Public Programs and Special Events

Exhibition

The Furniture of Isaac Vose & Thomas Seymour, 1815 to 1825

Open 11 May to 14 September 2018 Details

The MHS offers many engaging programs and special events.

December

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Public Program The Slave's Cause 13 December 2017.Wednesday, 6:00PM - 7:00PM There will be a pre-talk reception at 5:30pm. Manisha Sinha, University of Connecticut Abolitionists are often portrayed as bourgeois, mostly white reformers burdened by racial ...

Abolitionists are often portrayed as bourgeois, mostly white reformers burdened by racial paternalism and economic conservatism. This book broadens the chronology of abolition beyond the antebellum period as well as recasts it as a radical social movement in which men and women, black and white, free and enslaved found common ground in causes ranging from feminism to anti-imperialism. This new history sets the abolition movement in a transnational context and illustrates how the abolitionist vision ultimately linked the slave’s cause to the struggle to redefine democracy and human rights across the globe.

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January
Public Program Pauline Maier Memorial Lecture - Madison’s Hand: Revising the Constitutional Convention 17 January 2018.Wednesday, 6:00PM - 7:30PM There will be a pre-talk reception at 5:30pm. Mary Sarah Bilder, Boston College Law School $10 registration fee per person. (No Charge for MHS Members or Fellows) James Madison’s Notes on the 1787 Constitutional Convention have acquired nearly unquestioned ...

James Madison’s Notes on the 1787 Constitutional Convention have acquired nearly unquestioned authority as the description of the U.S. Constitution’s creation. No document provides a more complete record of the deliberations in Philadelphia. But how reliable is this account? In an unprecedented investigation Mary Sarah Bilder reveals that Madison revised the Notes to a far greater extent than previously recognized. Madison’s Hand offers a biography of a document that, over two centuries, developed a life and character all its own.

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Public Program Peter J. Gomes Memorial Book Prize Award & Reception 25 January 2018.Thursday, 6:00PM - 7:30PM There will be a pre-talk reception at 5:30. Tamara Plakins Thornton, University at Buffalo, and Catherine Allgor, MHS Please join us for a special evening in which Tamara Plakins Thornton will receive the 2017 Gomes ...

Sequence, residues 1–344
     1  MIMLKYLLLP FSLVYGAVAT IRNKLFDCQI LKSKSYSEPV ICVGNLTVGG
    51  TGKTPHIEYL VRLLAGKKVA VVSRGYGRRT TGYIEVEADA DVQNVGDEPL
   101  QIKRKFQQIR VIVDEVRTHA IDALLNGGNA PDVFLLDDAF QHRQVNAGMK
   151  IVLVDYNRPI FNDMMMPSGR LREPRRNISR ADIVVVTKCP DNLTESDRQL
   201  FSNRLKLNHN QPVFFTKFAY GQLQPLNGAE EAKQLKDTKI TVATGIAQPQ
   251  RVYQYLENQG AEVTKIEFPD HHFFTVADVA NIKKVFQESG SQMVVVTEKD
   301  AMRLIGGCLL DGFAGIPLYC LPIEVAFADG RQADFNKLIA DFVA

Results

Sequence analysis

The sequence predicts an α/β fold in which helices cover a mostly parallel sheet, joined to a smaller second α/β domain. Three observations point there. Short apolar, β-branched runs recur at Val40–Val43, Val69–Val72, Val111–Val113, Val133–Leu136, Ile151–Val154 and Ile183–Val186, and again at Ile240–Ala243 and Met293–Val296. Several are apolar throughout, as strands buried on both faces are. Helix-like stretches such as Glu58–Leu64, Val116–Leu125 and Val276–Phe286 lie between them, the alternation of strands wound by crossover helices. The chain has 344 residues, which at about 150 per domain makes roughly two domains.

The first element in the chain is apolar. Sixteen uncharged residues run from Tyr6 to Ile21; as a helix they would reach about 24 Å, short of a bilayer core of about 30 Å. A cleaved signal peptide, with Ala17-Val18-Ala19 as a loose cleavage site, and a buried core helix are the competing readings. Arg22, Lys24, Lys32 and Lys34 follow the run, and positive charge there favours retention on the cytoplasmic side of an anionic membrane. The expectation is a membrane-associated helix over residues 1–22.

Please join us for a special evening in which Tamara Plakins Thornton will receive the 2017 Gomes Prize for Nathaniel Bowditch and the Power of Numbers: How a 19th-Century Man of Business, Science, and the Sea Changed American Life. Thornton will join MHS President and Dolley Madison biographer Catherine Allgor in a conversation about why historians become biographers. How do they pull off that transformation? Thornton and Allgor will explore what drew them to the life of a single individual after they had published “standard” historical monographs. They will address the sorts of novel challenges they faced as both scholars and writers— and the new intellectual pleasures they encountered.

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Public Program Aesthetics of the Everyday in New England Film 29 January 2018.Monday, 6:00PM - 7:30PM There will be a pre-talk reception at 5:30pm. Martha McNamara, Wellesley College, and Karan Sheldon, Northeast Historic Film $10 per person fee (no charge for MHS Fellows and Members or EBT cardholders). The term “amateur film” conjures visions of shaky, out-of-focus images depicting family ...

The term “amateur film” conjures visions of shaky, out-of-focus images depicting family vacations and kids’ birthday parties, but early twentieth-century amateur filmmaking produced irreplaceable records of people’s lives and beloved places. This volume of essays, interprets a wide variety of visually expressive amateur films made in New England. Martha McNamara and Karan Sheldon will highlight three examples: the comedies of landscape architect Sidney N. Shurcliff, depictions of pastoral family life by Elizabeth Woodman Wright, and the chronicles of Anna B. Harris, an African American resident of Manchester, Vermont.

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February
Public Program Reconsidering King Philip’s War 7 February 2018.Wednesday, 6:00PM - 7:30PM There will be a pre-talk reception at 5:30pm. Lisa Brooks, Amherst College, and Christine DeLucia, Mount Holyoke College THIS EVENT IS SOLD OUT THIS EVENT IS SOLD OUT. Two historians reexamine the narrative of one of colonial ...

THIS EVENT IS SOLD OUT.

Two historians reexamine the narrative of one of colonial America’s most devastating conflicts. Lisa Brooks recovers a complex picture of war, captivity, and Native resistance during the “First Indian War” by relaying the stories of Weetamoo, a female Wampanoag leader, and James Printer, a Nipmuc scholar, whose stories converge in the captivity of Mary Rowlandson. Christine DeLucia offers a major reconsideration of the war, providing an alternative to Pilgrim-centric narratives that have dominated the histories of colonial New England, grounding her study in five specific places that were directly affected by the crisis, spanning the Northeast as well as the Atlantic world. These two works offer new perspectives. The program will include short presentations by both scholars followed by a conversation.

More
Public Program Thunder at the Gates: The Black Civil War Regiments that Redeemed America 8 February 2018.Thursday, 6:00PM - 7:30PM There will be a pre-talk reception at 5:30pm. Douglas Egerton, Le Moyne College $10 per person fee (no charge for MHS Fellows and Members or EBT cardholders). One of the most treasured objects belonging to the Society’s collection is the battle sword of ...